Opinion
International Opinion

Global Education Is Patriotic. Nationalist Rhetoric Does Not Benefit Our Students

By Homa S. Tavangar — October 24, 2018 2 min read

Editor’s Intro: President Trump recently railed against “globalism” and proudly labeled himself to be a “nationalist”. How do you continue developing thoughtful, empathetic global citizens in your classroom when the leader of the United States seems to deride what you’re trying to do? Today, Homa S. Tavangar, author of “Growing Up Global” and “The Global Education Toolkit for Elementary Learners," argues that educators can move beyond rhetoric and focus on what’s important in educating their students.

This isn’t the easiest time to be a global educator. Words like empathy, global, and inclusion are becoming politicized, and some feel that more challenging topics, like race, religion, borders, and refugees are nearly untouchable. But we cannot afford avoiding these important ideas for fear of being too political. If we do, our children (and our country) lose.

The recent rhetoric around globalism and nationalism reinforces a false dichotomy that so many of us have been working hard to dispel. When Donald Trump told supporters at a rally in Houston on October 22 that “A globalist is a person who wants the globe to do well, frankly, not caring about our country so much,” it felt like a kick in the gut.

Nothing could be farther from the truth. Why frame this as an ‘either-or’? Can’t we love our world and our country at the same time? Gaining a global mindset based on intellectual, social, and psychological capital, not being ruled by fear, is a privilege every child deserves. It makes our country stronger.

I take a stand for global citizenship, global engagement, global good, global caring, global competence, global know-how, global markets, global travel, global jobs, global friendships, global technology, global diplomacy, and global peace. No corporation or billionaire has ever swayed me to think this way; indeed, when students in marginalized communities embrace global and abundant thinking and skills, such as learning a second language, analyzing from various perspectives, or being comfortable working in diverse environments with diverse people, their prospects for college and career skyrocket.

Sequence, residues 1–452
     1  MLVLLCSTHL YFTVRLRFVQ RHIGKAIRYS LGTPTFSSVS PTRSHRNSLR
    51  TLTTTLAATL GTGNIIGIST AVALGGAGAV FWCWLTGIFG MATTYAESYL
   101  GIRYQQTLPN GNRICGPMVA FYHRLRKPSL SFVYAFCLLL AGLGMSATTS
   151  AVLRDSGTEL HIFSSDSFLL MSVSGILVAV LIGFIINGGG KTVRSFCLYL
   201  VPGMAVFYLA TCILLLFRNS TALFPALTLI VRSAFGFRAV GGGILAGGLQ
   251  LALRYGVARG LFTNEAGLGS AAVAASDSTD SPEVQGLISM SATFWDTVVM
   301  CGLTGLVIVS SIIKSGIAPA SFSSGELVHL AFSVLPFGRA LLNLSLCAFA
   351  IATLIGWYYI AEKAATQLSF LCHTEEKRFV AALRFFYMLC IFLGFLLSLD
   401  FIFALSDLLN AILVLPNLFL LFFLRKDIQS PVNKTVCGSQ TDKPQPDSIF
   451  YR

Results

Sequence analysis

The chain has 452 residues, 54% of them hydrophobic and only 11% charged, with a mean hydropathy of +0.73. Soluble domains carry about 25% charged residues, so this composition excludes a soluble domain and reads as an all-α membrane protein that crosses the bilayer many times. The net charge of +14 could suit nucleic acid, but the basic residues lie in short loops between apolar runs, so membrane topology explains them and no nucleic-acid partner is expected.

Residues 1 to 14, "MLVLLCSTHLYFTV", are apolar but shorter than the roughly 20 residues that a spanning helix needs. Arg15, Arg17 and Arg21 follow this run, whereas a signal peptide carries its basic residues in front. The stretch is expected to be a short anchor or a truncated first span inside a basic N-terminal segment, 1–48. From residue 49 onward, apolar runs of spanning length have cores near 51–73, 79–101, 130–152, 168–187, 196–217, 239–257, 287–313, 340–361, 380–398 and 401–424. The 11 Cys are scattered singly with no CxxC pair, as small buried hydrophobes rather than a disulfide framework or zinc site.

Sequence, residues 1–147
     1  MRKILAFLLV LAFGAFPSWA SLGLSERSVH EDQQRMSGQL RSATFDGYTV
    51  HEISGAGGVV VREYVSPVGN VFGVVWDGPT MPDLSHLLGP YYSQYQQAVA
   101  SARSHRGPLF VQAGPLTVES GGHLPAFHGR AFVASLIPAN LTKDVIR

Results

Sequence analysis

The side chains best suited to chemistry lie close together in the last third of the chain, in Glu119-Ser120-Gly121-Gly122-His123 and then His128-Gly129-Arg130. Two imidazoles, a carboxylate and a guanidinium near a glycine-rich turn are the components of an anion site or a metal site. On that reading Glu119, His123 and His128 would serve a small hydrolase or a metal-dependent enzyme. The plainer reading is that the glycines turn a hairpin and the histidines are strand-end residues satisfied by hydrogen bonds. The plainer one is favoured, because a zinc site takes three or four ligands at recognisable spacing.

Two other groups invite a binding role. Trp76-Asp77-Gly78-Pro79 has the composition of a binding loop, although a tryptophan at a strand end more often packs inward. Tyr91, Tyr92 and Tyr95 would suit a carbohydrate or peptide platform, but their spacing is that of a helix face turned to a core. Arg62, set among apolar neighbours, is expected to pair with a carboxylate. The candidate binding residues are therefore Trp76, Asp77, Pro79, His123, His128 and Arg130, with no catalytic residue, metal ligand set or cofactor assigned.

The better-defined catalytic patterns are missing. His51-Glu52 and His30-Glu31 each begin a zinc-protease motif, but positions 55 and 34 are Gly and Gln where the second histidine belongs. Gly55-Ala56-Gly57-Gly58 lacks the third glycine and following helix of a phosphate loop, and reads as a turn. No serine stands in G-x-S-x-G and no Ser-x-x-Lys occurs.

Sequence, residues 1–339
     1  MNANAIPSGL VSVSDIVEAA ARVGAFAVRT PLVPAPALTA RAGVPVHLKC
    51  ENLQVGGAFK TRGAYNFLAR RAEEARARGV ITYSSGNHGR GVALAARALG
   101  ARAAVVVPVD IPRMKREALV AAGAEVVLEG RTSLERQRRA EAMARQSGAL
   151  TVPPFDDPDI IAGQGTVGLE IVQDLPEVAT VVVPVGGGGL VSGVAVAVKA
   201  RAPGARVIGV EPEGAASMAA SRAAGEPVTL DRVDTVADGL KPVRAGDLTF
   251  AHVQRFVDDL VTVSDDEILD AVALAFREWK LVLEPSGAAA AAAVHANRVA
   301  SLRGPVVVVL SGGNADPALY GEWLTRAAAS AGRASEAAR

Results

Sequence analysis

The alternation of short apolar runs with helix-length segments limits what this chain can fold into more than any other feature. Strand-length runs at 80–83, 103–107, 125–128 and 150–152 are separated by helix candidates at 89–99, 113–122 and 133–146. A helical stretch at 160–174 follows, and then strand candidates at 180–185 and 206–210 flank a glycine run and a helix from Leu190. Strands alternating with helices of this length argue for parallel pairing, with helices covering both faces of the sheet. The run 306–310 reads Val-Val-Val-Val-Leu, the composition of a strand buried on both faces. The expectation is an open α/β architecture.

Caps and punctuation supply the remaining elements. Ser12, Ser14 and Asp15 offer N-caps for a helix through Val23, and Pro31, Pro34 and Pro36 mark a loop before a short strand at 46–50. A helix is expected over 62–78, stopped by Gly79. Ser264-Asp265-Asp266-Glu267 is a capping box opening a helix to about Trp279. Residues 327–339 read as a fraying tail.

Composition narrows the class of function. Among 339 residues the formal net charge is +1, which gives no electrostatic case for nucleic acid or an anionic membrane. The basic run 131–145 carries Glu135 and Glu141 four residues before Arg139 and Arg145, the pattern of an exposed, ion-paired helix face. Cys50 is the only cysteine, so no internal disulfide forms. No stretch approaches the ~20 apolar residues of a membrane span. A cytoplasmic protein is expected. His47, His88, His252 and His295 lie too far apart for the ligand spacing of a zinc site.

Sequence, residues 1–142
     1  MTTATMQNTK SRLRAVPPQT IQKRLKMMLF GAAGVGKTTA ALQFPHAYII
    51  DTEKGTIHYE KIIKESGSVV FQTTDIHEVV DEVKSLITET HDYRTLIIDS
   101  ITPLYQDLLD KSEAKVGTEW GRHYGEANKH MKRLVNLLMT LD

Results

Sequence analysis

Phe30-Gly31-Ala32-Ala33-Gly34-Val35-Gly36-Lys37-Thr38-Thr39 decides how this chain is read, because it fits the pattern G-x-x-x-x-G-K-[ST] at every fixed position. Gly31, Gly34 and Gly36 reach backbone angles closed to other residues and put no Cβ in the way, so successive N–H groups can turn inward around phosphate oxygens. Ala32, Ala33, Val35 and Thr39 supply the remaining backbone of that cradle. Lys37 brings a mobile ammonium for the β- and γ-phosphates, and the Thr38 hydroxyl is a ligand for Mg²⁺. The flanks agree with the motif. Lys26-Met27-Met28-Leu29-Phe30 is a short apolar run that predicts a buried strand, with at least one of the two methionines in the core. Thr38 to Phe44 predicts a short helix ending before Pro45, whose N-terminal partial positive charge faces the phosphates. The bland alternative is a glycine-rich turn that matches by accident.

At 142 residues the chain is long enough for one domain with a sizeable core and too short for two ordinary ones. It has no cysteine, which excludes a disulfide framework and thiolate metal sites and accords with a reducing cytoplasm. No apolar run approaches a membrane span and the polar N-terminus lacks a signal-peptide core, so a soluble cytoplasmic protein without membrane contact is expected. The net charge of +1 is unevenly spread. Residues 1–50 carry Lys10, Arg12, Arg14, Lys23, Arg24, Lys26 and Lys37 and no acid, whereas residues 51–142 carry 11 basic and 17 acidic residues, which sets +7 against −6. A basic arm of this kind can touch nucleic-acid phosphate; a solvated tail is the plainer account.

In my definition of global citizenship, what some might call globalism, this also means that I care deeply, pay attention to, get engaged with, enjoy serving, am proud of and love: my country, my town, my community, and my neighbors. I remember the old Girl Scout song: “Make new friends, but keep the old, one is silver and the other gold,” and I apply this idea in my thinking and teaching: it’s not ‘either-or'; it’s ‘both-and'—inclusive, welcoming, and abundant. This also is the sort of mindset leaders are looking for to fill jobs in the new economy, to solve problems we’ve never faced before, using technologies that have yet to be invented.

I subscribe to a big idea that might help illustrate this approach: “Let your vision be world-embracing, rather than confined to your own self.” This inherently means I care about my country and community, and strive to think bigger than myself. Going bigger than my ego and fears releases me to make a difference and find joy. Doesn’t every American deserve that?

Connect with Homa and Heather on Twitter.

Quote image created on Pablo.

Photo courtesy of Asia Society.

The opinions expressed in Global Learning are strictly those of the author(s) and do not reflect the opinions or endorsement of Editorial Projects in Education, or any of its publications.

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